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Chris Kirby: Push Deer - Don’t Drive Them


Editor’s Note: Chris Kirby has been wearing Mossy Oak most of his life and is the president of Quaker Boy Calls. Through partnering with Mossy Oak, he produces the Deer Thugs line of deer calls. Although Kirby lives in Orchard Park, New York, he hunts all over the country and helps manage several small farms in his area - some as small as 25 acres and others as large as 200 acres. Kirby says, “You definitely can manage deer to produce mature bucks on small properties. Here’s how we do it with 15 members in our hunting club.” 

We always maintain a thick cover sanctuary on each of the farms we hunt. These thick cover areas are where we've gotten trail camera pictures of deer or find big tracks leading into thick cover. Every one of our club members has agreed not to go into those sanctuaries except to remove a deer and not to hunt close to these sanctuaries. We have the understanding that we will be able to hunt the sanctuaries during the last week of deer season. We’ve learned that in the late season there’s not going to be very many opportunities to see deer. So, we put on one to three man deer pushes. The difference between a push and a drive is on a drive, you may have from 4 - 12 or more drivers whooping and hollering, going through thick cover to try and spook the bucks out and drive them toward the standers. A drive is usually conducted on properties of 1,000 acres or more. However because we’re hunting small plots that are only 25 to 200 acres, we could run all the deer off the property, if we put on a major deer drive like the one I’ve described. Instead when we get ready to hunt our sanctuaries the last week of the season, we’ll put two or three standers on the downwind side of the thicket in tree stands. Then, one hunter will become the pusher. His mission is to walk as quietly and slowly as he can from one side of the thick cover to the other side of the thick cover. Using this tactic, we’re letting the deer known that there is a hunter invading his sanctuary, because the deer can hear the hunter. But more importantly, he can smell the hunter, because the hunter comes from the upwind side of the sanctuary.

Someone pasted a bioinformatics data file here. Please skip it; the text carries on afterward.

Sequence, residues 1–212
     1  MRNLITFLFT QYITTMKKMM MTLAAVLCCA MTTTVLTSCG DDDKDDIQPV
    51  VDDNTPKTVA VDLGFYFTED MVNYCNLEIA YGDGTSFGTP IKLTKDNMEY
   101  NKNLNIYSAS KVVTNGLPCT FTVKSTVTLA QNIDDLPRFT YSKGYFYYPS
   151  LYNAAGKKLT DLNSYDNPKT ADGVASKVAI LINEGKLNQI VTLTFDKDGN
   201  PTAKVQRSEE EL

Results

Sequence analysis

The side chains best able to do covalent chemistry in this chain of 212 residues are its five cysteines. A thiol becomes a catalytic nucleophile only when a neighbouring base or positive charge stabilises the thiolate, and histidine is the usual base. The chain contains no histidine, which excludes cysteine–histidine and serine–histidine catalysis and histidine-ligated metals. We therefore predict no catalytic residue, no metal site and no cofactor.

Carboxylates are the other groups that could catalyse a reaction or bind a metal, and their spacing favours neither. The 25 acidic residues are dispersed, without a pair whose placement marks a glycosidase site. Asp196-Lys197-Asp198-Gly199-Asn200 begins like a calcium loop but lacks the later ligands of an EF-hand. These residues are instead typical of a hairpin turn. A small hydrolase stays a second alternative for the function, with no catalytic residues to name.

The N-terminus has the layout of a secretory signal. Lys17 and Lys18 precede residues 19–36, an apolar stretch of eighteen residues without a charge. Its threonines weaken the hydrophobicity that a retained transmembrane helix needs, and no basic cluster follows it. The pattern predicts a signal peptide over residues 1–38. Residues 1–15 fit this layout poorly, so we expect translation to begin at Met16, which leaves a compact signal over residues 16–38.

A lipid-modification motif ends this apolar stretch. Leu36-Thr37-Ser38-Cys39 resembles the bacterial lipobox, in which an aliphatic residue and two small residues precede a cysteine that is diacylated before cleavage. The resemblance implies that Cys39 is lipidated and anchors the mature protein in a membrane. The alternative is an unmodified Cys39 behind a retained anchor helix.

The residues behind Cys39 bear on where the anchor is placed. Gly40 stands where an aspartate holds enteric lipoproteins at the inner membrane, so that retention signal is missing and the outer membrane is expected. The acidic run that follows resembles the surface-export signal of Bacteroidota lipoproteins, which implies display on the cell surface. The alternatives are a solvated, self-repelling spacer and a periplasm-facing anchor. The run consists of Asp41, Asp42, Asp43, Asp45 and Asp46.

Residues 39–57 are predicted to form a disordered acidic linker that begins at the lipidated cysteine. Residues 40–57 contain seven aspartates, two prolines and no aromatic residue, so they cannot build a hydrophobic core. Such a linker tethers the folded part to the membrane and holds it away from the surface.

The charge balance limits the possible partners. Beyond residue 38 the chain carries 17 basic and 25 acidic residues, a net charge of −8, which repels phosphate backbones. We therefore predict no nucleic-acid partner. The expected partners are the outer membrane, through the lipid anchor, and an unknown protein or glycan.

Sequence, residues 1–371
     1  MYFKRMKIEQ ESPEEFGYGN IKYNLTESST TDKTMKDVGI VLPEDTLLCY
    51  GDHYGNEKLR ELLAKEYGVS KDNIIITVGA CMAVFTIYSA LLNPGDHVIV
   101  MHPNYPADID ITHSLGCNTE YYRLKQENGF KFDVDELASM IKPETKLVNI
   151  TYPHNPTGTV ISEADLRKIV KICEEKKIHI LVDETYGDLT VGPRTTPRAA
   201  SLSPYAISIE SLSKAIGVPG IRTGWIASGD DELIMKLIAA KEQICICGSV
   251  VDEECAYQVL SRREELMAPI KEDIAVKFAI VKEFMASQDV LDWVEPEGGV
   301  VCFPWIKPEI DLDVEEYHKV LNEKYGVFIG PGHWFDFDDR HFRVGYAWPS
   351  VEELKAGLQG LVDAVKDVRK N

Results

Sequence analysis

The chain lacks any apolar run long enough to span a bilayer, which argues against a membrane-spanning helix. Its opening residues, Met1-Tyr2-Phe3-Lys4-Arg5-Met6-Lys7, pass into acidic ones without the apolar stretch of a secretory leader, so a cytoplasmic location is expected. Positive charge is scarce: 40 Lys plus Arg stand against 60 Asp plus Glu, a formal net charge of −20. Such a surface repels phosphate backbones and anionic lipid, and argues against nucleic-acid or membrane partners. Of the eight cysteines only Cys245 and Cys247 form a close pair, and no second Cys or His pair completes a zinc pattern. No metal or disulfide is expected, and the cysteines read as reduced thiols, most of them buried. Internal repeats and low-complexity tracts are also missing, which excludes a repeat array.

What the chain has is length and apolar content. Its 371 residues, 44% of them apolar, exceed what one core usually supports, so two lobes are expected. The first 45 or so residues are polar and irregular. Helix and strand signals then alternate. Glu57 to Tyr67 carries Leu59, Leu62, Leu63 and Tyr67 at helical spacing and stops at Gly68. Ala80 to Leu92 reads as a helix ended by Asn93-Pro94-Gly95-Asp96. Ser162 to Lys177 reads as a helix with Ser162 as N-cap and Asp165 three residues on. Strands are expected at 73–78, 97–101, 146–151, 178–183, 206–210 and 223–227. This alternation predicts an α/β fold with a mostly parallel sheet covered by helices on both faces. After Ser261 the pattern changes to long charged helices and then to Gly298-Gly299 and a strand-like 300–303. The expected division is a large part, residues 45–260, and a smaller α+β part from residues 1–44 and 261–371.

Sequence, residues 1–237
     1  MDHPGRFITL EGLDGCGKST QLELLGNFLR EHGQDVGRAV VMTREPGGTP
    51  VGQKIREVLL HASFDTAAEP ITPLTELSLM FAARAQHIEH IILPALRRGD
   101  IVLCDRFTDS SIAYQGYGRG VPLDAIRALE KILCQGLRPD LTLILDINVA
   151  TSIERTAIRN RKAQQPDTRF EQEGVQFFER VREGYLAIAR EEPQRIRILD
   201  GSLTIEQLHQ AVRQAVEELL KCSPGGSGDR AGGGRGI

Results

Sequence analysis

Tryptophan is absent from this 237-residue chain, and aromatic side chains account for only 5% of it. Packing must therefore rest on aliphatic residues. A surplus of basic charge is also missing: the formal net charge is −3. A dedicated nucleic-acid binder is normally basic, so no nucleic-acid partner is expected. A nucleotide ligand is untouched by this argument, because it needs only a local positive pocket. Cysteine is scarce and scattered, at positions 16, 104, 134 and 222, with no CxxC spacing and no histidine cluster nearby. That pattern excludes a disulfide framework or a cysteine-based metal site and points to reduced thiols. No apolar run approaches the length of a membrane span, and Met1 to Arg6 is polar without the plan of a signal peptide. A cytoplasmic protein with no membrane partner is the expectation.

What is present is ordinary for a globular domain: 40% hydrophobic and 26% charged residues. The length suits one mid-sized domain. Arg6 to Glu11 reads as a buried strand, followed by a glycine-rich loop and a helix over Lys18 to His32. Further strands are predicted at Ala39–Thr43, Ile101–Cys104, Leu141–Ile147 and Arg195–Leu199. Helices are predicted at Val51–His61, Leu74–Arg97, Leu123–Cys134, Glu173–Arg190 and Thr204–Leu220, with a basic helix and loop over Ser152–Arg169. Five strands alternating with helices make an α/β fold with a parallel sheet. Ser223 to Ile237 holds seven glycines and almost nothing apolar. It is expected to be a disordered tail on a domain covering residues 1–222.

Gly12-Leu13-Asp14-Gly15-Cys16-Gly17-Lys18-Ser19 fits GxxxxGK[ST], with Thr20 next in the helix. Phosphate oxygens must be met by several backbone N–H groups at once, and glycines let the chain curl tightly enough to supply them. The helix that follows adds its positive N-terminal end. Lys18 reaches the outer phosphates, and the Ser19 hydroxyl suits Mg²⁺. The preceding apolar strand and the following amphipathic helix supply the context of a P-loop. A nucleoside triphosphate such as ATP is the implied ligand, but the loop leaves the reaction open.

KirbyC4_llRemember, a mature buck doesn’t want the hunter to see or hear him (the buck). We’re counting on the hunters’ scent to push the deer out of the cover slowly. What happens most of the time is that instead of jumping up and running to escape the hunter, because the buck can smell and hear the hunter moving slowly, he’ll get up out of his bed and try to sneak out of the cover. This gives the stander a better opportunity to get off a shot at a walking or standing buck - instead of seeing a buck running as fast as he can like his tail is on fire. This type of deer push is a low impact style of hunting. Even if the standers don’t see or take a buck, the bucks usually will return into those same sanctuaries that night. They believe they’ve fooled the hunter, and their sanctuary is still a safe haven. 

The real secret to harvesting the mature bucks that you may not have seen during daylight hours during hunting season is to:

  • Find the exit trails that the deer are using to come out of the thick cover when spooked. These will be the trails where you want to put your standers off to one side of the trails, so they can spot the bucks when they come out of the thick cover.
  • Make sure you have the right wind to cause these deer to come out of the cover on the trails where you put the standers. 
  • Be certain the pusher understands that he's really not pushing the deer out of the cover. Instead, he's using his human scent to gently push the deer out of the cover. Therefore he needs to move as quietly as possible as he zig zags through the cover. 
  • Break twigs occasionally to enable the deer to know exactly where that pusher is. 

The other advantage to this type push is: if you're hunting a bigger property that’s 100 to 200 acres, and you’ve designated two or three thick cover areas as sanctuaries, you won’t disturb the bucks in the other sanctuaries when you push the first thick cover area. If you move your standers stealthily, and everyone is as quiet as possible, you can use these one-man pushes in all the sanctuaries on one piece of property. However, by having seven small properties to hunt, we can move from one farm to the next farm and hunt all seven areas during that last week or weekend of deer season.

Day 3: Chris Kirby on Late Season Deer Talk

Tomorrow: Chris Kirby on How to Bow Hunt Late Season Bucks

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